The Minnesota Supreme Court will wade into a long-running dispute over restoration of voting rights to people with felony records, agreeing to hear a constitutional challenge to state law.
Minnesota is among the states that requires people convicted of felonies to serve their time and complete any parole, probation or supervised release before they can vote again.
In an order posted Tuesday, Minnesota’s highest court agreed to hear the legal challenge that could impact more than 50,000 people who aren’t behind bars but can’t vote.
An effort to change the law to restore voting privileges after incarceration has stalled in the Legislature.
A group of affected people and civil liberties groups have challenged the law on constitutional grounds, but so far have come up short. The Minnesota Court of Appeals ruled in May that release from confinement doesn’t satisfy completion of a sentence under the way the law is currently written; the appellate judges deferred to state lawmakers for any shift in course.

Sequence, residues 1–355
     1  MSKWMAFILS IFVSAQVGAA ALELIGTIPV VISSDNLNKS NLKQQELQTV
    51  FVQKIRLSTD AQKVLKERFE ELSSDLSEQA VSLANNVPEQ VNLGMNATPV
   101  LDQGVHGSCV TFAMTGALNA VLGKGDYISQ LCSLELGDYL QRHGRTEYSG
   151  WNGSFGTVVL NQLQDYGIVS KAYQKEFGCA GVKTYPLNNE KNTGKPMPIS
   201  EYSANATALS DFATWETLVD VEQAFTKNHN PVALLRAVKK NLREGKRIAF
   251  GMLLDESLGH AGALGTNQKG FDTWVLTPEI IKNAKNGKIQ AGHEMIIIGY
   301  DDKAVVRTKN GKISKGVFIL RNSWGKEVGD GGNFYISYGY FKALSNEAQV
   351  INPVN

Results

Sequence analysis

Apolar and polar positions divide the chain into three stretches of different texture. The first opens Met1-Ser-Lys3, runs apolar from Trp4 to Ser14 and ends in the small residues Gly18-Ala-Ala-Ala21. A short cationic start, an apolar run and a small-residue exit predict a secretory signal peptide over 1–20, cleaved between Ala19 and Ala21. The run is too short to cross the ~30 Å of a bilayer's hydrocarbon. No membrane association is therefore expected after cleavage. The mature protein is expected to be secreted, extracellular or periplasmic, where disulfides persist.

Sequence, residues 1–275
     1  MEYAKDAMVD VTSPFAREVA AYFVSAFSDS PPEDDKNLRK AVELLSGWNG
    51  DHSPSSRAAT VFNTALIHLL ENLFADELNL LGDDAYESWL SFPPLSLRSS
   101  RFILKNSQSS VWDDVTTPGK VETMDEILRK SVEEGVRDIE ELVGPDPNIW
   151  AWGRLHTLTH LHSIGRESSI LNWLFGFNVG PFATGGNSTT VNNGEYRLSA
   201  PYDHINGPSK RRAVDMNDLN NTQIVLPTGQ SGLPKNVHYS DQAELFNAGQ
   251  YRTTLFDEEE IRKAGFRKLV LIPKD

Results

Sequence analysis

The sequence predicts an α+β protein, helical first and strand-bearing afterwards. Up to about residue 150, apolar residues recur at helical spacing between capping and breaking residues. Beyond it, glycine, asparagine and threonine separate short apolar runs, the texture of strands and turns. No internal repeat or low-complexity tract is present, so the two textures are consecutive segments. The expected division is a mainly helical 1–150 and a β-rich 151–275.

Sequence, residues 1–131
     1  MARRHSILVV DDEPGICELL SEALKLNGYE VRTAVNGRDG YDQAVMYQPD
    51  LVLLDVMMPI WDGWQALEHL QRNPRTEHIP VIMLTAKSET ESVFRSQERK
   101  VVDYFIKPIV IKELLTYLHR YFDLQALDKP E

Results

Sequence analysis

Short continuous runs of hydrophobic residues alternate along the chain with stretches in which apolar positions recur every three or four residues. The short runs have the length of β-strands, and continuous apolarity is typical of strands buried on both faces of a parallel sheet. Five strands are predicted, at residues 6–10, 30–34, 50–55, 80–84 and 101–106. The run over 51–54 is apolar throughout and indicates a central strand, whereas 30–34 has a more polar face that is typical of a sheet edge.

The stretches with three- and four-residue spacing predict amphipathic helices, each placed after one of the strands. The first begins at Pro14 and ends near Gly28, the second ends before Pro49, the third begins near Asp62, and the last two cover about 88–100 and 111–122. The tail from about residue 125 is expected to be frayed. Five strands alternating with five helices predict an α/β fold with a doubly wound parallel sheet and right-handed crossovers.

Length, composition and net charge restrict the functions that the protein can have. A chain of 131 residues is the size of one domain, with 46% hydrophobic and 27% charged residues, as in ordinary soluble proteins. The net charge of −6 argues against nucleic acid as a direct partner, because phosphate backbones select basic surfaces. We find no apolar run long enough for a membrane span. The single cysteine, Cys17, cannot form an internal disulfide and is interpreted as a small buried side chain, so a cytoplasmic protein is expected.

The Supreme Court hasn’t yet set a date for oral arguments, meaning a final ruling is likely several months away.
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